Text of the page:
What are symptoms of Corona Virus ? – According to the World Health Organization (WHO), the main symptoms of the coronavirus usually include:
- shortness of breath
Those with weakened immune systems may develop more serious symptoms, like pneumonia or bronchitis. Some patients may have “aches and pains, nasal congestion, runny nose, sore throat or diarrhea”, the WHO adds. “These symptoms are usually mild and begin gradually. Some people become infected but don’t develop any symptoms and don’t feel unwell”. Symptoms are thought to appear between two and 10 days after contracting the virus, but it may be up to 24 days.
Corona virus infects the lungs. The symptoms start with a fever followed by a dry cough, which can lead to breathing problems. Contact your doctor right away if you have COVID-19 symptoms and you’ve possibly been exposed to the virus. Tell your doctor if you’ve recently traveled internationally. Call your doctor ahead to tell him or her about your symptoms and recent travels and possible exposure before you go to your appointment.
What are the risk factors of corona virus ?
Risk factors for COVID-19(corona virus) appear to include:
- Close contact with someone who has COVID-19, such as when a family member or health care worker takes care of an infected person
- Person who have a long-term medical condition – for example, heart disease, lung disease, diabetes, cancer or high blood pressure
- Recent travel from or residence in an area with ongoing spread of COVID-19 as determined by or WHO
More About Symptoms of Corona Virus –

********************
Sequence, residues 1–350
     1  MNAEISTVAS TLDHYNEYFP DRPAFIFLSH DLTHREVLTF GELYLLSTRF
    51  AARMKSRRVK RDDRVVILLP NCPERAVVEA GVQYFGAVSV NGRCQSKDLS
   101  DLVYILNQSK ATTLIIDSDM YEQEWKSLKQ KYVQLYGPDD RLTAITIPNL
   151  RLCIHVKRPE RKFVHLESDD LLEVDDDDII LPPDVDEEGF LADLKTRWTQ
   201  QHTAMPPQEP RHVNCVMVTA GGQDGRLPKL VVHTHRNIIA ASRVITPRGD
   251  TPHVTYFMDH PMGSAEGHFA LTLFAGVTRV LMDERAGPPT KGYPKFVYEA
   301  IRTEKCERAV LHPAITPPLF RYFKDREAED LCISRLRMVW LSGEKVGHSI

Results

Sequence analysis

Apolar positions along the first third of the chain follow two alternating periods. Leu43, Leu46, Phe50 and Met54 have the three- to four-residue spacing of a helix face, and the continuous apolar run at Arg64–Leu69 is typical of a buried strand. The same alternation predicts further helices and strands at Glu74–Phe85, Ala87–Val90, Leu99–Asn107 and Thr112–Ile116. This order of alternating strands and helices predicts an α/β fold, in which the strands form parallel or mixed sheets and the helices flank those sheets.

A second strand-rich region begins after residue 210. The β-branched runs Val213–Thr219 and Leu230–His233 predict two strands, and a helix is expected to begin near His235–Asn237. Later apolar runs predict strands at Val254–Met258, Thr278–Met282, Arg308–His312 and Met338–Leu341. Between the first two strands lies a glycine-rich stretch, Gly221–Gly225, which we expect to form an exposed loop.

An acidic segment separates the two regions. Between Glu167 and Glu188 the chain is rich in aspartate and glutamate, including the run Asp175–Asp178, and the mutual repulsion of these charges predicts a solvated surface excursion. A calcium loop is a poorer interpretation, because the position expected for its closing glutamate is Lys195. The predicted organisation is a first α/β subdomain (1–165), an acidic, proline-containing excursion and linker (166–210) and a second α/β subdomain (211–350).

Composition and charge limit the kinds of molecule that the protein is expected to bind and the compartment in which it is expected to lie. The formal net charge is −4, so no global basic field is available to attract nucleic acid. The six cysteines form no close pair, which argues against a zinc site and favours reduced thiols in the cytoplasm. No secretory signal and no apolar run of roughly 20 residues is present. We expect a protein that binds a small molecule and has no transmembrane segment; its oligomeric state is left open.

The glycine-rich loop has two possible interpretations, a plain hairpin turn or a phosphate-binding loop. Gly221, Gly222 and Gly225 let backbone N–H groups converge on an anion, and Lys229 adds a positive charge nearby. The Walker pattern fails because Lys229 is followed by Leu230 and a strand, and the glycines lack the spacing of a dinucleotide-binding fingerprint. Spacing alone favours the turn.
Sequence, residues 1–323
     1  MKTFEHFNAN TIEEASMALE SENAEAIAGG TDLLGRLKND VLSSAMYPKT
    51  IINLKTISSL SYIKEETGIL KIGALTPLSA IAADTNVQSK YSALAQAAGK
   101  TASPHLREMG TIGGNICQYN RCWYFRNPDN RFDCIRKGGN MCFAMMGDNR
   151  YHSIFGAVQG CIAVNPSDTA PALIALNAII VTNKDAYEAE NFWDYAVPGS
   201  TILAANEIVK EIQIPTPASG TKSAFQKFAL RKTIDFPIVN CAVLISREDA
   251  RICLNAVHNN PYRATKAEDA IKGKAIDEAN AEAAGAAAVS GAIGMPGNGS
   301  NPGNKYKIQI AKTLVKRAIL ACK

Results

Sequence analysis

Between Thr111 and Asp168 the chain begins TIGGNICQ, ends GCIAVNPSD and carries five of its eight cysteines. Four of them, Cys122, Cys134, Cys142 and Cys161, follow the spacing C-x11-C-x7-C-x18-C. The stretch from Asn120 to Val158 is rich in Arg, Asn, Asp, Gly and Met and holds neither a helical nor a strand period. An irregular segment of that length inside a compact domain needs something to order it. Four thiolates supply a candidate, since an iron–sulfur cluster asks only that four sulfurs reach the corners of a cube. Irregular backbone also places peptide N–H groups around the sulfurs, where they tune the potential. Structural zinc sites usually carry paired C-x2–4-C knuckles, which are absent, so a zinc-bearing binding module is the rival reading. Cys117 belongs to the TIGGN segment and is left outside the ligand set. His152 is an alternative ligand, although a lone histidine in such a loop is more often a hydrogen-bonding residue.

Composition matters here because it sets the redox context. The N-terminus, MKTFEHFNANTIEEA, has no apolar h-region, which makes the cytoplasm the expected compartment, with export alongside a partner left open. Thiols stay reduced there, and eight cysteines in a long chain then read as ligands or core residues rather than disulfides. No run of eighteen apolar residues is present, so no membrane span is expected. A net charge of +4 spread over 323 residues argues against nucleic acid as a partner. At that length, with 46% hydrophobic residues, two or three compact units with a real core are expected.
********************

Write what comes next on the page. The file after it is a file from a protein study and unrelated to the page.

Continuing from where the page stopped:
The majority of COVID-19 cases are mild. Some even have no symptoms. If you have symptoms, they could show up two to 14 days after exposure. They are most likely to be a similar to regular cold, the flu or seasonal allergies, like a fever, headache, fatigue, sore throat, and runny nose. Coughing and shortness of breath are common, According to the centers for disease control and prevention. The older you are, the more likely you are to experience severe forms of these symptoms. Some cases have gastrointestinal symptoms such as diarrhea. In more extreme cases and for people with underlying health conditions, like heart diseases or diabetes, you can develop pneumonia, frequent or high fever, persistent cough, and signs of respiratory distress, like shortness of breath and chest pain. A small percentage of cases progress to acute respiratory distress, difficulty breathing, chest pain and pressure. Confusion, extreme fatigue, persistent pain or other several symptoms require immediate medical attention The result could be shock, organ dis-function, or heart failure. If you have severe symptoms, it’s definitely time to get in touch with a healthcare providers. But with milder symptoms, It’s a good idea to call your primary care doctor first instead of rushing to the emergency room.